While he often played the role of scientific high priest, the late Carl Sagan didn’t own a set of liturgical vestments.
Thus, he wore his academic regalia as he ascended into the pulpit of New York’s Cathedral of St. John the Divine on Oct. 3, 1993, the Feast of St. Francis. The rite for the day — the “Missa Gaia (Earth Mass)” — included taped cries of wolves and whales and a procession featuring an elephant, a camel, a vulture, a swarm of bees and a bowl of blue-green algae. Musicians sang praises to Ra, Ausar and other gods, as well as to Jehovah.
The astronomer was right at home, weaving threads of science into a mystical litany — while remaining light years from theism.
“Life fills every nook and cranny of our planet’s surface,” said Sagan. “There are bacteria in the upper air, jumping spiders at the tops of the highest mountains, sulfur-metabolizing worms in the deep ocean trenches and heat-loving microbes kilometers below the surface of the land. Almost all of these beings are in intimate contact. They eat and drink one another, breath each other’s waste gases, inhabit one another’s bodies. … They have generated a web of mutual dependence and interaction that embraces the planet.”
After his death on Dec. 20, Sagan was praised for his work as director of Cornell University’s Laboratory for Planetary Studies, as a Pulitzer Prize- winning author and as an apologist for science on public television. He was the rare intellectual who could trade gags with Johnny Carson.
Truth is, Sagan was a talented “TV evangelist,” said Robert C. Newman, who, while he has a Cornell doctorate in astrophysics, teaches at Biblical Theological Seminary in Hatfield, Pa. Sagan even opened his most famous programs with an unbeliever’s creed: “The Cosmos is all that is or ever was or ever will be.”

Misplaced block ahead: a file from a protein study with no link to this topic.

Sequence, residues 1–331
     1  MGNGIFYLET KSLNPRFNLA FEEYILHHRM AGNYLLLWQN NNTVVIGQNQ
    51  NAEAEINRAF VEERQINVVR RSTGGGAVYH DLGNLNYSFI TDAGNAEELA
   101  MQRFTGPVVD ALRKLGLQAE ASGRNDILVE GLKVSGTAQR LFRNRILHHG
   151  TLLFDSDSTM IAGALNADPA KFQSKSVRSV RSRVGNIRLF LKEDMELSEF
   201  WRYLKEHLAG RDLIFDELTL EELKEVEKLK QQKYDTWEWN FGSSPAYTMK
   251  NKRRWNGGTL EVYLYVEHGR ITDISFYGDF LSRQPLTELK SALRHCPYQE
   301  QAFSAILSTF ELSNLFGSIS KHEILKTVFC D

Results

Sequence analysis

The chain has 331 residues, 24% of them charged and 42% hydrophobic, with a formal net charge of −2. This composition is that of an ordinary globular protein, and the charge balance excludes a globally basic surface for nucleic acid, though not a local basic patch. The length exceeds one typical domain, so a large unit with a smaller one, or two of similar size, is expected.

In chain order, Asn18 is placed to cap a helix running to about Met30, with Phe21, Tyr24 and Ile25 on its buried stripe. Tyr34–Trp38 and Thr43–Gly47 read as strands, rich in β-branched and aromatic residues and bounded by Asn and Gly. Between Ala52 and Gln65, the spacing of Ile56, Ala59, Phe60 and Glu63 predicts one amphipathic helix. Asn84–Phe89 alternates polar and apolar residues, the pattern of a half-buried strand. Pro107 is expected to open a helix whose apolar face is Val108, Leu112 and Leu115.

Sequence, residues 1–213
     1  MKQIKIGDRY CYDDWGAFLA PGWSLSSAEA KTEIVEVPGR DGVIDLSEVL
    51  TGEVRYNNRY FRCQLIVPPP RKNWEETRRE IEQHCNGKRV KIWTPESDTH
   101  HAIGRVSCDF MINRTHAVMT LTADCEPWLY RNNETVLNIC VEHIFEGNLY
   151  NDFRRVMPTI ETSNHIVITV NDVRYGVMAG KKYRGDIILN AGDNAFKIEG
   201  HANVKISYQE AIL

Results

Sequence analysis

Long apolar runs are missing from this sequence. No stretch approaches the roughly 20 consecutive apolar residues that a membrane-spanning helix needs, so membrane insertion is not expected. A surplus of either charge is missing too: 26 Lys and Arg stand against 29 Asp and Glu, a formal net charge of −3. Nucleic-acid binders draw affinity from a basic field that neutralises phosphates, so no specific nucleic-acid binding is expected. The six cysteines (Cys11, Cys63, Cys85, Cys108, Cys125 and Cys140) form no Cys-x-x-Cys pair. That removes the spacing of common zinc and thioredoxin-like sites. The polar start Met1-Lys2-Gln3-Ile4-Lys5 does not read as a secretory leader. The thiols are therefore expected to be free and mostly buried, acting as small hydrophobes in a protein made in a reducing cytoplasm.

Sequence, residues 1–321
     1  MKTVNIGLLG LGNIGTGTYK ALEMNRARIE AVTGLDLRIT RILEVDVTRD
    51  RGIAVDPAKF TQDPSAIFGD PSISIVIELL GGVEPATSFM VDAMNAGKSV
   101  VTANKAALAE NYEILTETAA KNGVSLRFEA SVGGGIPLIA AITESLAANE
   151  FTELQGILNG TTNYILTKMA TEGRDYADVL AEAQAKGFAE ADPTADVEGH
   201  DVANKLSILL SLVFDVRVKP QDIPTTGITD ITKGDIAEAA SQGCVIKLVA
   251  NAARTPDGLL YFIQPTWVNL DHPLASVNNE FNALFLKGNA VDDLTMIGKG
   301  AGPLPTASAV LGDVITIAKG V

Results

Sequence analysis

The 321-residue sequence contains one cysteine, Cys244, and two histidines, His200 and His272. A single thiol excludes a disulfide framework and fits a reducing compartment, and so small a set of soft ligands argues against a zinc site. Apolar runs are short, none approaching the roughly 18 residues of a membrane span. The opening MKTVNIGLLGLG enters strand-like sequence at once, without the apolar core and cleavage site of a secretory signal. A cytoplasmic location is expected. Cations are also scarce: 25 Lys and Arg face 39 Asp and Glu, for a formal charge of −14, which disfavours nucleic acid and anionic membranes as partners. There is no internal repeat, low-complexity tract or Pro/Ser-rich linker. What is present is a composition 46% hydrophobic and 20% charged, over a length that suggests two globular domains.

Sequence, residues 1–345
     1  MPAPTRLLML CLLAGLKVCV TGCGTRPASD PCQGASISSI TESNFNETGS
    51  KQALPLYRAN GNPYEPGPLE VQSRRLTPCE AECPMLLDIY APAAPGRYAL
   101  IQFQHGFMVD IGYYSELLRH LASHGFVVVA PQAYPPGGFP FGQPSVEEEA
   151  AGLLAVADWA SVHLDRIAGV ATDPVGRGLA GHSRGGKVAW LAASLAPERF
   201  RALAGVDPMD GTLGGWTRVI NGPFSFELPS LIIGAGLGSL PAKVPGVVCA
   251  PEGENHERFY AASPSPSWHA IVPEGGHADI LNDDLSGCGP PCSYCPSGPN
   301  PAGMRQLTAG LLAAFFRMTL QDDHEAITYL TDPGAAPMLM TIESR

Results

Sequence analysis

“Now, by Sagan’s own definition of the methodology of science, this is not a scientific statement. This is a religious statement,” said Newman, in a 1981 lecture at Cornell. Sagan could not have researched everything in the past and it’s impossible to do lab work in the future. Thus, “the Cosmos is all that is,” must be considered a “faith statement,” said Newman.
After the Mass at St. John the Divine, I asked Sagan whether his religious views had evolved in recent years. Was he, perhaps, trying to create a kind of modern deism or some fusion of science and Eastern spirituality?
Sagan said that while some of his images may have changed, he continued to reject the notion of a transcendent God that existed outside the world, universe or cosmos.
“I remain inexorably opposed to any kind of revealed religion and reject any talk of a personal god,” said Sagan, while posing for news crews with clergy on the cathedral steps. “But millions of people believe in a god that is not that kind of god.” Using the classic image of a divine watchmaker, he added: “Some might say, for example, that there is some kind of force or power in the watch — a set of laws, perhaps. Then the watch creates itself. I’m more comfortable with that kind of language.”
In his novel, “Contact,” Sagan was very specific about which religions can embrace this concept, and which cannot. In a debate with a Christian, his protagonist explains why she rejects belief in the God of Judaism, Christianity and Islam.
“When I say I’m an agnostic, I only mean that the evidence isn’t in,” says astronomer Eleanor Arroway, who will be played by actress Jodie Foster in an upcoming Hollywood movie. “There isn’t compelling evidence that God exists — at least your kind of god — and there isn’t compelling evidence that he doesn’t.” By the end of the book, Sagan’s heroine accepts that the universe was “made on purpose” and contains evidence of an “artist’s signature.”
At that point, said Newman, Sagan may have been “dabbling with the concept of a god. … He may even have been moving toward some form of pantheism. It’s hard to tell. What we do know is that he remained totally opposed to the God of the Bible.”